Images courtesy of Megan Smith Ray and Emily Neville Fisher Photography

More than 20 years ago a friend of mine convinced me to give Pilates a try. Never did I realize back then just how important to my riding (and my aging body) Pilates would be.

Developed by Joseph Pilates in the 1920s, Pilates is a system of exercises geared towards improving strength, postural alignment, flexibility, and muscle elasticity.

And, these were all the reasons I started doing it (along with promises of a strong core and flat stomach.) What’s kept me going after all these years… well, that has to do with a keen desire to be more effective in the saddle while protecting my neck and shoulders from unnecessary pain and strain.

So when I came across Megan Smith Ray and her Pilates For Equestrians during one of my journeys down the internet rabbit hole, I decided to reach out.

As a horse enthusiast, Division 1 collegiate runner, and certified Pilates instructor with her own studio, Megan has a unique perspective on how Pilates can make a difference in your riding.

Here is what we talked about.  

Q: Tell me a little bit about how Pilates and horses entered into your life.

Megan: Well, I guess I’ll start with Pilates because that happened first – about 18 years ago. In college, I ran division one and continued running competitively after school. When I was about 24, I had a knee injury. I did some physical therapy and because I couldn’t run, someone had recommended Pilates to me. I took a class and it took a few times for me to really get it.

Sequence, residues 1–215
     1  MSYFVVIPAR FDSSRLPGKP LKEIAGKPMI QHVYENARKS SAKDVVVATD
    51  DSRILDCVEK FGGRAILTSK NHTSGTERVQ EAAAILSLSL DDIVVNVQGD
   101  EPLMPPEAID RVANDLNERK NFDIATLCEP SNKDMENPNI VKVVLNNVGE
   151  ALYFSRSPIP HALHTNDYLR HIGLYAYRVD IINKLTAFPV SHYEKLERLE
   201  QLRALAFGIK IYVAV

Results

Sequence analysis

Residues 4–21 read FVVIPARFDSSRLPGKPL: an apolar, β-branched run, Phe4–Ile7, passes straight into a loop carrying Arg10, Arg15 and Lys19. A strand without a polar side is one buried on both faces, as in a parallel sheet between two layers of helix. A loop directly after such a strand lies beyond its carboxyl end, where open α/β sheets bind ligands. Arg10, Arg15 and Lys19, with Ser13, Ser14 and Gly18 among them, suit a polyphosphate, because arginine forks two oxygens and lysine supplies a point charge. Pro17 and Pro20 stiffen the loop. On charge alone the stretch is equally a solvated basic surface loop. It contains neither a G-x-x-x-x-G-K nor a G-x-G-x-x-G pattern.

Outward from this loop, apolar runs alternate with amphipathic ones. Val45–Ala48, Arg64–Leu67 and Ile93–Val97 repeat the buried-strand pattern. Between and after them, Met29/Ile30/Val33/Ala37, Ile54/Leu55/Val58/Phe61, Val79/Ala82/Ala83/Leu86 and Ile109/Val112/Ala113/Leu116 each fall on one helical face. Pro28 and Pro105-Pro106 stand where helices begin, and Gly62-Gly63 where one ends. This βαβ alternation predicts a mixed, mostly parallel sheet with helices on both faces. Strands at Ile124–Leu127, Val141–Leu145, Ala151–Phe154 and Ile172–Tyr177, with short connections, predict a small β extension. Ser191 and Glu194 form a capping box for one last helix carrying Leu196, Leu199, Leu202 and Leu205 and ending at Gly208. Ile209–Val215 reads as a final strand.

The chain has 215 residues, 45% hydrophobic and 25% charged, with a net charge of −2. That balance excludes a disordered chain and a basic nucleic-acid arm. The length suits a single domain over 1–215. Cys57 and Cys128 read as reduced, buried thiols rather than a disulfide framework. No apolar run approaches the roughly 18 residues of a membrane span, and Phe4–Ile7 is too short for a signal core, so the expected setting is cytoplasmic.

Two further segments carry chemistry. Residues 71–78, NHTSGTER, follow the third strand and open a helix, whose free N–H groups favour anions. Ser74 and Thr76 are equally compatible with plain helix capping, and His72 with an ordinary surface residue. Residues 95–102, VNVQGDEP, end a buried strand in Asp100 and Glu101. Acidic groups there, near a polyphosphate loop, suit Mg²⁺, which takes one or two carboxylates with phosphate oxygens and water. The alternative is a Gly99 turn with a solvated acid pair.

The first time I just felt uncoordinated. But, after the third time, I remember leaving and thinking, “Wow, I actually feel taller and so much better.’

I was running probably 40 or 50 miles a week prior to that – high mileage. All of a sudden, I realized that I was getting more from Pilates than my physical therapy.

Because I really didn’t know how to move correctly from a biomechanics standpoint. I didn’t know how to isolate muscle groups. I wasn’t very flexible. Pilates taught me how to isolate movement and increase my core strength, flexibility, and balance.

A few years later while I was finishing up my Pilates teacher training, I managed to run my fastest time during a race in Central Park – faster than in college. Then I knew how truly amazing Pilates was for my body.

Q: So, when did you start riding?

Megan: After my family and I left the city we moved up to North Salem, NY. It’s prime horse country. I always loved horses even though I never really rode, aside from a trail ride or two. So once we got here, my daughter and I decided to start riding.

As soon as I got on the horse, I was floored by the parallels with Pilates. It’s like my core just automatically turned on. So I was able to feel balanced and very comfortable right away. I credit that to years and years of Pilates.